Lynne Cheney, "The End of History," Wall Street Journal (Oct. 20, 1994)


Imagine an outline for the teaching of American history in which George Washington makes only a fleeting appearance and is never described as our first president. Or in which the foundings of the Sierra Club and the National Organization for Women are considered noteworthy events, but the first gathering of the U.S. Congress is not.

This is, in fact, the version of history set forth in the soon-to-be-released National Standards for United States History. If these standards are approved by the National Education Standards and Improvement Council -- part of the bureaucracy created by the Clinton administration's Goals 2000 Act -- students across the country, from grades five to 12, may begin to learn their history according to them.

The document setting forth the National Standards divides American history into 10 eras and establishes two to four standards for each era, for a total of 31. Each "standard" states briefly, and in general terms, what students should learn for a particular period (e.g., "Early European Exploration and Colonization: The Resulting Cultural and Ecological Interaction"). Each standard is followed, in the document, by lengthy teaching recommendations (e.g., students should "construct a dialogue between an Indian leader and George Washington at the end of the {Revolutionary} war").

The general drift of the document becomes apparent when one realizes that not a single one of the 31 standards mentions the Constitution. True, it does come up in the 250 pages of supporting materials. It is even described as "the culmination of the most creative era of constitutionalism in American history" -- but only in the dependent clause of a sentence that has as its main point that students should "ponder the paradox that the Constitution sidetracked the movement to abolish slavery that had taken rise in the revolutionary era."

The authors tend to save their unqualified admiration for people, places and events that are politically correct. The first era, "Three Worlds Meet (Beginnings to 1620)," covers societies in the Americas, Western Europe and West Africa that began to interact significantly after 1450. To understand West Africa, students are encouraged to "analyze the achievements and grandeur of Mansa Musa's court, and the social customs and wealth of the kingdom of Mali."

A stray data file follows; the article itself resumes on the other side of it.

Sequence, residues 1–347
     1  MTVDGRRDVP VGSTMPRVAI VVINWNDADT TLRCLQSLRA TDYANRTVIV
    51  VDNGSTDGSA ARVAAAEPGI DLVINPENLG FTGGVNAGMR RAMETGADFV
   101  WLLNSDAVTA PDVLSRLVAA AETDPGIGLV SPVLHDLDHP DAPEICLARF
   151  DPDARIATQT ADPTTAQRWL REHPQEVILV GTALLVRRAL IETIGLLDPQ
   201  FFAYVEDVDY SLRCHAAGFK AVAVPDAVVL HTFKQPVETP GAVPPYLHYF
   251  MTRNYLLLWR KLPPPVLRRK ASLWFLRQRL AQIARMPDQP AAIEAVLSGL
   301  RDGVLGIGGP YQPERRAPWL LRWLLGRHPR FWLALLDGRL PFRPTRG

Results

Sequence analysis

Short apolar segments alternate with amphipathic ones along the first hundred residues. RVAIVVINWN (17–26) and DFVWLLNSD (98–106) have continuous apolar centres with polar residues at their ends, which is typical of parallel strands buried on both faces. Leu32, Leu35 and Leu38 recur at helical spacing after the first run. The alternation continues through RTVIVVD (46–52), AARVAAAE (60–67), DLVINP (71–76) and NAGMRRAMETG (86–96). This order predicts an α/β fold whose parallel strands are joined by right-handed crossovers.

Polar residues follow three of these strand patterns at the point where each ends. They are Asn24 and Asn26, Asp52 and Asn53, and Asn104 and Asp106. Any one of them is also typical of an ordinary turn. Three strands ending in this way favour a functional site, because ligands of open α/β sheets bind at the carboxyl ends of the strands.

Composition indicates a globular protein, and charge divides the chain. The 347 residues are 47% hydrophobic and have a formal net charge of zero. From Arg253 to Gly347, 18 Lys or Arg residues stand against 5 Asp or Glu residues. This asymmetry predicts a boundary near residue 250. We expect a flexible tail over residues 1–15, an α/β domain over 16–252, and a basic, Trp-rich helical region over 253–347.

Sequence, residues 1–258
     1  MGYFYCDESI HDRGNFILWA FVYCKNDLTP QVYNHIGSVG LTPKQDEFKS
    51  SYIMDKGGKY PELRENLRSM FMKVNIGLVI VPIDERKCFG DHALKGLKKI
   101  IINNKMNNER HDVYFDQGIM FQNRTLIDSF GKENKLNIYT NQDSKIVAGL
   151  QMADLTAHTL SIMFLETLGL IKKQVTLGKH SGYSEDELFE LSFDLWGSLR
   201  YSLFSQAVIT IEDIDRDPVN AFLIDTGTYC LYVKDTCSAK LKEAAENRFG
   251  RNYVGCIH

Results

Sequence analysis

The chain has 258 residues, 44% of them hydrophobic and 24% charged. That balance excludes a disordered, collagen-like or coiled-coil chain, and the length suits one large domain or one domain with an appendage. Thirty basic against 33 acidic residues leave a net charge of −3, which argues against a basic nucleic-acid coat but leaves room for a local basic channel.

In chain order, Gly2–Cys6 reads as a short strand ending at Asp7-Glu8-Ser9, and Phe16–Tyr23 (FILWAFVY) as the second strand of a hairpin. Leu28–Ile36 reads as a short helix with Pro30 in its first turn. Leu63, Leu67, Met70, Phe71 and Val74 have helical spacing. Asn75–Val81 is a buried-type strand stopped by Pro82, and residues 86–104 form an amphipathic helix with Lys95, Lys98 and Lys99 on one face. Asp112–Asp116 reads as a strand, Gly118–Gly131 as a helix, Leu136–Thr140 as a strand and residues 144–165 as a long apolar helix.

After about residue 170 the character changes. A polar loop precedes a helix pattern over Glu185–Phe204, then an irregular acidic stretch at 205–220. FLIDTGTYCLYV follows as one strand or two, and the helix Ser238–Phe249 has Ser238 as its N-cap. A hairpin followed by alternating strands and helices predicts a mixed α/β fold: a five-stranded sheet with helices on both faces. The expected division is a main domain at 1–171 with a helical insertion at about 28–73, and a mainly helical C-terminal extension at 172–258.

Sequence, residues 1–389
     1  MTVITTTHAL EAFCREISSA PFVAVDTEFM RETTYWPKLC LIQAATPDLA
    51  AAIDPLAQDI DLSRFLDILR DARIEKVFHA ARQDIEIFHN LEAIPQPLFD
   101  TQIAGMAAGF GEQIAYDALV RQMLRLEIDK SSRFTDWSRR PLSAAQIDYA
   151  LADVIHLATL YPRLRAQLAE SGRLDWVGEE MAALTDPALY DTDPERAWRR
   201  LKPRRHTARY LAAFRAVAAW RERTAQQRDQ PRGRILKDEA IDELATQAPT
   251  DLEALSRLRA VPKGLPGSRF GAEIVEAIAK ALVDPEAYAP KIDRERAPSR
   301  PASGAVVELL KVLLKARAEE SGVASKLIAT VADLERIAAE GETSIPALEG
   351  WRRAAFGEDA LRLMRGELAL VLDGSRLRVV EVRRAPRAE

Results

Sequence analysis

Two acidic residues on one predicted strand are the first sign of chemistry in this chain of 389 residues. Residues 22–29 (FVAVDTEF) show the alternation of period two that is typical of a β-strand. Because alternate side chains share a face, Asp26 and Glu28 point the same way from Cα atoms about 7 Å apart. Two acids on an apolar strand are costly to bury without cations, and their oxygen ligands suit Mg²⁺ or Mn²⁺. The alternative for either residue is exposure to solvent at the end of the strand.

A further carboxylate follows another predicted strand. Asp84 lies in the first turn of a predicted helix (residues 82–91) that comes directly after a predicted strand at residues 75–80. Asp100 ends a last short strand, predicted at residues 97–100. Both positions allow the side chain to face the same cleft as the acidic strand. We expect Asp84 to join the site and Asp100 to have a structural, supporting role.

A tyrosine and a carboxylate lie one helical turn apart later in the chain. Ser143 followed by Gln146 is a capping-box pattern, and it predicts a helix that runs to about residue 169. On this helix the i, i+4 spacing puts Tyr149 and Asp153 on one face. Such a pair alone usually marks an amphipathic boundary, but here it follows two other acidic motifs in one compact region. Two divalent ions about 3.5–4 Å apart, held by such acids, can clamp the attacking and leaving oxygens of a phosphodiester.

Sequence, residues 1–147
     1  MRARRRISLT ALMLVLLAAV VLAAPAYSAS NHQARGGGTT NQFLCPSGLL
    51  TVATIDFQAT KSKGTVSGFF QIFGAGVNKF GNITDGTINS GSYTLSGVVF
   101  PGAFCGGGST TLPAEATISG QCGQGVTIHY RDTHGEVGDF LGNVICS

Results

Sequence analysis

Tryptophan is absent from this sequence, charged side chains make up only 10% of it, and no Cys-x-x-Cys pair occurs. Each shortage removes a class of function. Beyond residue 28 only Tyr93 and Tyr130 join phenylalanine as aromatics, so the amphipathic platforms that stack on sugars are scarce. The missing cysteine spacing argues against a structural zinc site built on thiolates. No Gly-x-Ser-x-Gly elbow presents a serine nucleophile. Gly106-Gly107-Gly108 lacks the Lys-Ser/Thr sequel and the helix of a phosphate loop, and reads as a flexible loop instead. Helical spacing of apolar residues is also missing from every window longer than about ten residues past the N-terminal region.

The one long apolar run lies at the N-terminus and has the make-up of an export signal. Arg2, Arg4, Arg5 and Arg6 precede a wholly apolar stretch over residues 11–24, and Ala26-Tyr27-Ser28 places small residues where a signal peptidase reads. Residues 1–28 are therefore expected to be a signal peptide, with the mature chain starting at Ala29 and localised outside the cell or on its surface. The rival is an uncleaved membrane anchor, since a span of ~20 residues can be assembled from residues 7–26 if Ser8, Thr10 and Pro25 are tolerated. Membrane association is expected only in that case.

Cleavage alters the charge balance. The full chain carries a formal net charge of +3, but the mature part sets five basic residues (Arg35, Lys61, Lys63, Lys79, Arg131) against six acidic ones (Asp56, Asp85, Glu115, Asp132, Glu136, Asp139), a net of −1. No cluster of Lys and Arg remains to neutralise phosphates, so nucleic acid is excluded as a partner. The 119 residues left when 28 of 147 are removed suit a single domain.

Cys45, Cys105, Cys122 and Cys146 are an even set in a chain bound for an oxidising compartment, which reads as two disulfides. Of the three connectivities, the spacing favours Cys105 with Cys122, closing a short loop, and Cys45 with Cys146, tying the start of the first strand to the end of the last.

Such celebratory prose is rare when the document gets to American history itself. In the U.S. context, the kind of wealth that Mansa Musa commanded is not considered a good thing. When the subject of John D. Rockefeller comes up, students are instructed to conduct a trial in which he is accused of "knowingly and willfully participat{ing} in unethical and amoral business practices designed to undermine traditions of fair open competition for personal and private aggrandizement in direct violation of the common welfare."

African and Native American societies, like all societies, had their failings, but one would hardly know it from National Standards. Students are encouraged to consider Aztec "architecture, skills, labor systems, and agriculture." But not the practice of human sacrifice.

Counting how many times different subjects are mentioned in the document yields telling results. One of the most often mentioned subjects, with 19 references, is McCarthy and McCarthyism. The Ku Klux Klan gets its fair share, too, with 17. As for individuals, Harriet Tubman, an African-American who helped rescue slaves by way of the underground railroad, is mentioned six times. Two white males who were contemporaries of Tubman, Ulysses S. Grant and Robert E. Lee, get one and zero mentions, respectively. Alexander Graham Bell, Thomas Edison, Albert Einstein, Jonas Salk and the Wright brothers make no appearance at all.

I have abundant reason to be troubled by the way that the history standards have turned out. When I was chairman of the National Endowment for the Humanities, I signed a grant that helped enable their development. In 1992, the NEH put $525,000 and the Department of Education $865,000 toward establishing standards for what students should know about both U.S. and world history. The grantee was the National Center for History in the Schools at UCLA, an organization that had produced some fine work, including a highly regarded publication called "Lessons From History" that was also an effort to set standards for the teaching of history. It was this publication, the Center for History said in its application, upon which the government-sponsored standard-setting effort would build.